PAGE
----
Hi friends! I can NOT believe I haven’t written an update since last July. I have been working but nothing has happened quickly. It didn’t seem like I had much to share in August or September…and it just kept feeling like I had NOTHING to share.
Quite a few projects are now coming together to the point where I have a beginning, “how to”, and an end – which is what I like to have in order to share a post.
After spending the last 2 days sorting through all the photos and video footage stored in my “for posts and videos” file, I see that I probably could have shared an update sooner…like maybe in November.
Better to catch up now than never, right. So here’s a quick recap of the last 10 months.
Paint new drywall
First I had to prime and paint all that new drywall which was the big milestone in my last Lodge update post.
Then we went to Idaho to help Dad sort through fields of old farm equipment and sheds full of … well all sorts of old things that Julie and I felt were treasures that we could make something cool out of. We wanted to keep a lot more we had to pay by the foot to have all this stuff trucked out to TN so we capped ourselves at 16′. You can bet we stacked it as high as we could!
A lot of what we shipped out was 60 year old lumber saved from when they tore down our old mangers and fences. The lumber is really the ONLY thing I have a clear line of sight to how it can be used. The other stuff we basically just payed a nice chunk of money to move it from one storage space in Idaho to a new storage space in TN. (Julie and I are both working on our issues with “hoarding”.)
In August, Madison moved out to live her own adventures. We all loaded up a rental truck, then she and I drove 15 hours to her new life. Wes stayed at home to work and look after the dogs. I spent a few days helping her move in and get set up in her new place. We are proud of her and obviously this is the natural course of a child growing up. However, we miss her. Thankfully, texting, phone calls and video chats make it easy to stay connected.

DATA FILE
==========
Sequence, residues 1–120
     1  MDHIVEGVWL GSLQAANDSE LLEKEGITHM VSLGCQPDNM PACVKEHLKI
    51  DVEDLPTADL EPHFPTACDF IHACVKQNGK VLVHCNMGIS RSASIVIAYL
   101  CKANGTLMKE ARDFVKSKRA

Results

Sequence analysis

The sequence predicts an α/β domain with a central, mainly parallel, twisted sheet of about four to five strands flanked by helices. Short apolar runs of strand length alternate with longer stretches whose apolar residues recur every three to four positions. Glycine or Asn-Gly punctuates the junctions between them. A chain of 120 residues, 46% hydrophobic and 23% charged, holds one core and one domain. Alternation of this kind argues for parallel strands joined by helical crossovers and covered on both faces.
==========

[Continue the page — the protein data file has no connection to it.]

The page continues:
Loft – Guest Suites
We ended up adding drywall to the ceilings in the three small loft rooms. This after NOT having the pro’s do it because we had plans for a super cool industrial looking something or other. Spending almost every day in the Lodge, I got a feel for the place that I hadn’t experienced before. It rains here in East Tennessee quite often and almost as often, that rain is a torrential downpour. That kind of rain on this metal roof is quite loud. It was too small a space to make it worth having the pro’s back. It wouldn’t have been significantly more had I had them do it as part of the whole job. We had more than enough left over drywall and mud.
My (sometimes one, sometimes two) weekend helpers and I installed the drywall. I mudded, and mudded, and mudded. I’m a really messy mudder and the loft has some areas that required me to hunch and crinkle my body in uncomfortable ways. Needless to say, I had many cranky moments during that process. AND I haven’t even finished the last room yet.
I found a stopping point at the doorway into the last room and stopped there so I could, sand, prime and paint – and then install floors up in the two rooms I had completed. (Keep in mind that every time anything is delivered for “The Lodge”, we have to carry it all up by hand.)
Madison AND my sister Bonnie were coming for Christmas and I REALLY wanted to finish a guest suite for one of them to stay in! I chose these engineered wood floors for the rooms and was planning to tile the bathrooms.
I found some pebble stone that was going to look SO COOL on the floor (and shower wall). After struggling with a 3 ft section of the floppy backed tile on top of the anti-fracture mat (I had left over from my Maryville Jack-N-Jill bathroom) I scrapped doing tile on the floor. This after already having re-done the anti-fracture mat because I didn’t mix the mortar right. I tore out the tile and the anti-fracture mat, scraped up all the mortar, and installed wood.
The whole bathroom was a messy mess of mortar and thinset all over the walls and me. Had a few more cranky days with this project.